International influences on the Irish Free State

Posted on: 16 November 2017

The Irish Free State was much more open to international influence than scholarship has traditionally allowed, according to historian Dr Anne Dolan, who re-evaluated Ireland in the inter-war years in the light of wider European trends at a public seminar this week.

Dr Dolan, Associate Professor in Modern Irish History, delivered the lecture entitled “Towards a New Social History of Ireland, 1922-1939?” as part of the Contemporary Irish History Research Seminar Series in Trinity Long Room Hub Arts and Humanities Research Institute at 4pm.

“In an interview in February 1931, in a rhetorical flourish of sorts, W.T. Cosgrave, then President of the Executive Council of the Irish Free State, asked himself the question ‘what has the average man in the street got out of his independence and self-government?’  He went on to answer it with a list of his government’s achievements, with a summation of his sense of what the Free State meant after almost ten years.  The man in the street may well have given a very different set of answers, never mind the average woman, but for many years the historiography of the inter-war period has reflected a clear disappointment with the nature and performance of the Irish Free State.”

“In social, economic and cultural terms the criticisms have been considerable, and the censures have put down quite deep roots.  Discussing some of the factors which have shaped this negative interpretation, this paper will suggest some possible alternative approaches and interpretations to what have become the traditional views of the 1920s and 1930s.  Without attempting to tip the debate back to a naively positive interpretation of the inter-war years, it will propose where we might take the study of the period from here.”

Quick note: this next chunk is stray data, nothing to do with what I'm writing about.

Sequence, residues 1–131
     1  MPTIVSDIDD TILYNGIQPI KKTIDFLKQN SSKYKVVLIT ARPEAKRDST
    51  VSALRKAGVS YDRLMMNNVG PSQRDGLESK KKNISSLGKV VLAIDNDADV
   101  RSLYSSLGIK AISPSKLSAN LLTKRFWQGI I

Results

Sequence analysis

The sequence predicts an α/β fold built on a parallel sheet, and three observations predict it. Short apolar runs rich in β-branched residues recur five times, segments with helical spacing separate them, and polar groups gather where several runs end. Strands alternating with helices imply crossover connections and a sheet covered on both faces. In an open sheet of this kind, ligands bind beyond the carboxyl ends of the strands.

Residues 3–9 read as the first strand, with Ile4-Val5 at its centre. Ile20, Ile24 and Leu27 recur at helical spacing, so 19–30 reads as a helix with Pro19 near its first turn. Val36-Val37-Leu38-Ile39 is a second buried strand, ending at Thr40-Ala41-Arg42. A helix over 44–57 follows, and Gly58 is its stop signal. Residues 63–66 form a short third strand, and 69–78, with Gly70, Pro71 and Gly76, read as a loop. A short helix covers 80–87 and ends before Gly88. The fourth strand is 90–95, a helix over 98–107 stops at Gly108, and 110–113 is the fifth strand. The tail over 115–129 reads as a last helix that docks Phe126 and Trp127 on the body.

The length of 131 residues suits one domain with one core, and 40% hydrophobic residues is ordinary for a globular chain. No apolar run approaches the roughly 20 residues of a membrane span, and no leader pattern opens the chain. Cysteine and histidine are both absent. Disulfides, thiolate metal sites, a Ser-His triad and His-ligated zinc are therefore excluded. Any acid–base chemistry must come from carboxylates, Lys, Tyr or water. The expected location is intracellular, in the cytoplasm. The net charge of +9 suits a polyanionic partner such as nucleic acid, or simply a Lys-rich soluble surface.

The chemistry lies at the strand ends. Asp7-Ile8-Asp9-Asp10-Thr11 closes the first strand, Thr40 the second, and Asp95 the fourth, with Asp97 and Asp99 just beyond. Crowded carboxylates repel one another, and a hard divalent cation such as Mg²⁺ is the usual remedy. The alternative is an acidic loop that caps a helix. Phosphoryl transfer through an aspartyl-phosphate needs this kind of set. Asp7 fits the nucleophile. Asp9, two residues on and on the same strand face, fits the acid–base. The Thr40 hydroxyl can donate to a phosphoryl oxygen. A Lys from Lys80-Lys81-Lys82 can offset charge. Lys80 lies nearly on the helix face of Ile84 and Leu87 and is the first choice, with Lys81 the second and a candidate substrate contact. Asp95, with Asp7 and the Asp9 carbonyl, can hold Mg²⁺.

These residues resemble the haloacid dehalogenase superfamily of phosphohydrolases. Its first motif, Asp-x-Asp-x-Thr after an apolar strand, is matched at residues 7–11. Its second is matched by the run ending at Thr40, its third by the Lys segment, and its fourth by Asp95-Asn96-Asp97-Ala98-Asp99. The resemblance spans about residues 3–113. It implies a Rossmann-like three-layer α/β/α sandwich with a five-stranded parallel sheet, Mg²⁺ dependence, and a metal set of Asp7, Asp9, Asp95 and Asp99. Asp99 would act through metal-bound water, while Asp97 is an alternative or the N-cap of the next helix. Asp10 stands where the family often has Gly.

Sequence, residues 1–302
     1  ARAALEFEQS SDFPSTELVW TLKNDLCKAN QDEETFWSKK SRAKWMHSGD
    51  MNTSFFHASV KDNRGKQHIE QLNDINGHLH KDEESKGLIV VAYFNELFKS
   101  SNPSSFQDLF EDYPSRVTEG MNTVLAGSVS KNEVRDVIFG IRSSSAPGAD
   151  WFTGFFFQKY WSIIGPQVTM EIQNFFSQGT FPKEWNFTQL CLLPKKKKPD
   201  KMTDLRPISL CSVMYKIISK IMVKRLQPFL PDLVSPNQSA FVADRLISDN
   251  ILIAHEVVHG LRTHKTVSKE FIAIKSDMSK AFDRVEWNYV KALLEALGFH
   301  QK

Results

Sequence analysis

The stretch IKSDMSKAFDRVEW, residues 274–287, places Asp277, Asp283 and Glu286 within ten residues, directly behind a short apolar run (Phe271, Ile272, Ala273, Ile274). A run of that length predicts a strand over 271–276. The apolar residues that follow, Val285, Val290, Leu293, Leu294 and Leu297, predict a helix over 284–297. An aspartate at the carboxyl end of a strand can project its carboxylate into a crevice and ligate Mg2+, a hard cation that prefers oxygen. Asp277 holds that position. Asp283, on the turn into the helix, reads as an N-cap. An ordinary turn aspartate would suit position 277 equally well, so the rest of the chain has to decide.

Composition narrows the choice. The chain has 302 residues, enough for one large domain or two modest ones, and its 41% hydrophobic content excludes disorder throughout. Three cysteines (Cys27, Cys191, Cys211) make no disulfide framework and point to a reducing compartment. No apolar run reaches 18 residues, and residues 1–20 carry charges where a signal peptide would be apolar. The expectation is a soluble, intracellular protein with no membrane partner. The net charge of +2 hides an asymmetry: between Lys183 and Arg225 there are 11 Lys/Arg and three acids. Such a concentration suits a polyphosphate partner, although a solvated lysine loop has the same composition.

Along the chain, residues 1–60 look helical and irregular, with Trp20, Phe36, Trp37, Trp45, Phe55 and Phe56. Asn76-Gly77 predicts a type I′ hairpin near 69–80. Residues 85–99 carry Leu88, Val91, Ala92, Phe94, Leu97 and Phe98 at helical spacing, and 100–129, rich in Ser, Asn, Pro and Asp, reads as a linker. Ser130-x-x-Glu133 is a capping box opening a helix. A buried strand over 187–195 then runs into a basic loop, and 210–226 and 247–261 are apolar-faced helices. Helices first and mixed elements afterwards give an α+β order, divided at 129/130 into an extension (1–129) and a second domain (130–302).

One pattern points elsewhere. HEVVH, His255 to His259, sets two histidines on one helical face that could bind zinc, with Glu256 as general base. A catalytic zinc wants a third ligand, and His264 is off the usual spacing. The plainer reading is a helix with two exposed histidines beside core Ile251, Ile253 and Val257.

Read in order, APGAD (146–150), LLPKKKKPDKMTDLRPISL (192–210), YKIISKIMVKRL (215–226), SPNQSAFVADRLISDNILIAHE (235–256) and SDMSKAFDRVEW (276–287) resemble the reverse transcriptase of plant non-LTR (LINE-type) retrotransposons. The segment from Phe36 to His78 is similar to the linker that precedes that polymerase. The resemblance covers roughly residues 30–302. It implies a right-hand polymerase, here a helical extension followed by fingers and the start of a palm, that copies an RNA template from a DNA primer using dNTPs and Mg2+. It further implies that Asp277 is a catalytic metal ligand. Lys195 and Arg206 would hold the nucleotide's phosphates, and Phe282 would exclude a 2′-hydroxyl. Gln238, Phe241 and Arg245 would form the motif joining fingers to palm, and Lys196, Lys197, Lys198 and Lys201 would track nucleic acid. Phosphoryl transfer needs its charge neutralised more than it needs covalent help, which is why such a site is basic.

“Drawing on comparative and transnational approaches, the paper re-evaluates independent Ireland in the light of wider European trends, and finds a place much more open to international influence than the scholarship has traditionally allowed.  Examining aspects of the political, economic, social and cultural history of the period, the paper argues for the recognition of a much more diverse Irish experience in the inter-war years.”

The lecture forms part of the Contemporary Irish History Research Seminar Series, which is organised by The Centre for Contemporary Irish History. Other upcoming lecture include:

  • November 22, 2017 ‘The fearful Object’: The heritage of culpability and blame, by Professor Elizabeth Crooke, Ulster University
  • November 29, 2017 Civil or Proxy War: How should we understand military operations in Ireland 1922-23? by Dr Barry Sheehan, Gleneagle Group
  • December 6, 2017 The government wants a terrible lot of light.’ Slum clearance in Irish towns, 1932- 1945, Dr Peter Connell, Trinity College Dublin
  • December 13, 2017 Provincial Recruitment in the First World War: The Glynns of Kilrush, County Clare, by Dr Paul O’Brien, Mary Immaculate College, Limerick

Image: Executive Council of the Irish Free State 1928

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